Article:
LONDON (AP) _ Dolly, the world's first cloned sheep, has developed arthritis at a relatively early age, renewing debate about whether cloned animals are susceptible to premature aging and health problems.
Ian Wilmut of the Edinburgh-based Roslin Institute, one of Dolly's creators, said Friday that the 5 1/2-year-old sheep has arthritis in her left hind leg, hip and knee.
``There is no way of knowing if this is down to cloning or whether it is a coincidence,'' Wilmut told British Broadcasting Corp. radio.
Dolly was born in a Scottish research compound in 1996, the world's first mammal to be successfully cloned from an adult. Roslin scientists announced her birth on Feb. 23, 1997.
Wilmut said that apart from the arthritis, Dolly remained a healthy animal who has given birth to six lambs.
She also remains a rarity. Most attempts to clone animals have ended in failure. Deformed fetuses have died in the womb with oversized organs, while others were born dead. Still others died days after being born, some twice as large as they should have been.
In 1999, scientists noticed that the cells in Dolly's body _ cloned from a 6-year-old sheep _ had started to show signs of wear more typical of an older animal.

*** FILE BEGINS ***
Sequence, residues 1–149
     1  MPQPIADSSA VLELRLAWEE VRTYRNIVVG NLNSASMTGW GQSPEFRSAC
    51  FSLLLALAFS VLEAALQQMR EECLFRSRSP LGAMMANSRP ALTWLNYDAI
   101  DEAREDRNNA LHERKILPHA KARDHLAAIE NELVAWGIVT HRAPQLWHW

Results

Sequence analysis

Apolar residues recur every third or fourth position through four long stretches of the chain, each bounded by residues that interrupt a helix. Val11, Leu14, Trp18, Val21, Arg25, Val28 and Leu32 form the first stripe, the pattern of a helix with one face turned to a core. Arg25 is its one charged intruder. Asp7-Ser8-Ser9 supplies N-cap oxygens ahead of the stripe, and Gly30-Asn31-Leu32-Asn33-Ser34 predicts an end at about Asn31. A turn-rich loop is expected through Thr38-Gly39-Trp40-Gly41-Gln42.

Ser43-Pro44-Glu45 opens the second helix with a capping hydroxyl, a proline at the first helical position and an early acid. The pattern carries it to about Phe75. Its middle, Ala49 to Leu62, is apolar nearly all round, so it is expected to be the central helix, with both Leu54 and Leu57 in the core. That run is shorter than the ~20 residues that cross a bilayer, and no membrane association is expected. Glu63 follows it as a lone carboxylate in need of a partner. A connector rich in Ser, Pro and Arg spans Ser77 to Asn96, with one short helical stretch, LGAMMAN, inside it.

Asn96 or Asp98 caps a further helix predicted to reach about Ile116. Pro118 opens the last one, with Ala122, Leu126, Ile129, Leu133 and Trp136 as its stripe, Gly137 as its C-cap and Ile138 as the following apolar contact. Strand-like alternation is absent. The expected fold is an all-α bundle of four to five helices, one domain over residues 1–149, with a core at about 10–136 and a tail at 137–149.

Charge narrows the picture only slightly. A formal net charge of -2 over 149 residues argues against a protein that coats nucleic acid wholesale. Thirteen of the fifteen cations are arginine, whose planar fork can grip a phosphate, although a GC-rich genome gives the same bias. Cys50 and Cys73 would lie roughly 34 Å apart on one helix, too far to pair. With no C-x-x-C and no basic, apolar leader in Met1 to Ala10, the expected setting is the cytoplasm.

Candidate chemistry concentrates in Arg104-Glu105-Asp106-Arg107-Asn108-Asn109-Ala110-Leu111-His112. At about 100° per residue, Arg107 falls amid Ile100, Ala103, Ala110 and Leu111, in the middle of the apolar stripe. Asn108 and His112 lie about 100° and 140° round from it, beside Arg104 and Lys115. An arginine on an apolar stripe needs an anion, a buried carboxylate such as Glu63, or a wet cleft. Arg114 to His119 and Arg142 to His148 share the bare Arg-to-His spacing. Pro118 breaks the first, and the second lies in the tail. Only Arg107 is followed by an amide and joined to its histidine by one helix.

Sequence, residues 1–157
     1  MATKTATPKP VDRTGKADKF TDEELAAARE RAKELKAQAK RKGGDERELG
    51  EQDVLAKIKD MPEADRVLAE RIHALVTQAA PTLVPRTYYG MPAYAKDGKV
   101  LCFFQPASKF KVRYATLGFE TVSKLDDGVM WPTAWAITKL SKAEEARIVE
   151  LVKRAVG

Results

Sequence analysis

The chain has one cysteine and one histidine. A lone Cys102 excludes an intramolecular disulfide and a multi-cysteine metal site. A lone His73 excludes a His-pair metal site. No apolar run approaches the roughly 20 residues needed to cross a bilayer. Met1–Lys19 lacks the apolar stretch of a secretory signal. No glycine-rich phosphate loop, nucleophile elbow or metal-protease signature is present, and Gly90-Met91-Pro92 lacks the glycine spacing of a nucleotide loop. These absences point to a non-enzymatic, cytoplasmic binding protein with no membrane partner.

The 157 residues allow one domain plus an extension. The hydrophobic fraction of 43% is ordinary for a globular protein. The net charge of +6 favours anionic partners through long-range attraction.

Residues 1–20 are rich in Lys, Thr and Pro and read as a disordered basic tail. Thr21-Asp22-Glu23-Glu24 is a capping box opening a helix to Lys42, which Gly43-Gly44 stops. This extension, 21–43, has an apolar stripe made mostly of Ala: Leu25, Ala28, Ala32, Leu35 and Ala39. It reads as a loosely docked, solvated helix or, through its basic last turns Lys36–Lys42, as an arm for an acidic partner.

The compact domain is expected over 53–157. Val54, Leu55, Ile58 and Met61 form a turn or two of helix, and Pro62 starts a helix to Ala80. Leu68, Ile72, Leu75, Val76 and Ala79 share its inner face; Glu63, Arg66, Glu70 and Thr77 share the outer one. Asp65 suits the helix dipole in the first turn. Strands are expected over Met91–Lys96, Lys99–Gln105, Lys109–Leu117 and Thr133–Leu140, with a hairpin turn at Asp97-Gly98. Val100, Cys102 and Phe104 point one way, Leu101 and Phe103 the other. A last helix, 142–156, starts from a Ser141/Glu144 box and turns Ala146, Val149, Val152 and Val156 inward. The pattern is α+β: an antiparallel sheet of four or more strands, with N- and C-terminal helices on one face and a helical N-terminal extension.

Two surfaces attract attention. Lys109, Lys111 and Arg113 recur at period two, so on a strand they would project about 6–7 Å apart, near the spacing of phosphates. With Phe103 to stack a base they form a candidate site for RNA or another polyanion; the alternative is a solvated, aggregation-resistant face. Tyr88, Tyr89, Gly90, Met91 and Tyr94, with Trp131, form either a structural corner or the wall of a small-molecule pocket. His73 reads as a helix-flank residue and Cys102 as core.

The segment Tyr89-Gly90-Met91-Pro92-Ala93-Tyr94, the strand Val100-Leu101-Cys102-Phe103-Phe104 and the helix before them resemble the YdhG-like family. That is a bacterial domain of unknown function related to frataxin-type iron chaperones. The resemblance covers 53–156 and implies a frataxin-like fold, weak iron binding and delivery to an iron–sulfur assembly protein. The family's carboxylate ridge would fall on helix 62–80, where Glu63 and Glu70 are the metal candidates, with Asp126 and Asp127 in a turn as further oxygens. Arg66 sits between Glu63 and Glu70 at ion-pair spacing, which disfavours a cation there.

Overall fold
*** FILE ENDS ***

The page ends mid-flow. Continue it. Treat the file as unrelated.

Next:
Some geneticists said the finding provided evidence that researchers could not manufacture copies of animals without the original genetic blueprint eventually wearing out.
Wilmut said he was ``very disappointed'' by Dolly's arthritis, and called for more research into the effects of cloning.
``We know already that there's an unusual incidence of death of cloned animals around the time of birth,'' he told the BBC.
``What we need to go on studying is whether diseases like arthritis, which tend to be associated with older age, occur in a normal way or whether the incidence is changed.
``The fact that Dolly has arthritis at this comparatively young age suggests that there may be problems. We do not know and it's very important that we look.''
Animal rights groups said the development showed that developments in cloning have outstripped scientific knowledge of its consequences.
Two research teams announced this week that they have cloned piglets that were genetically modified to help prevent their organs being rejected if they were transplanted into a human.
``You can't just interfere with one aspect of an animal's system and expect the rest of the system to continue to function perfectly,'' said Dan Lyons of the animal protection group CAGE.
Shares in PPL Therapeutics, the Scottish group that worked with the Roslin Institute to produce Dolly, fell in early trading on the London Stock Exchange.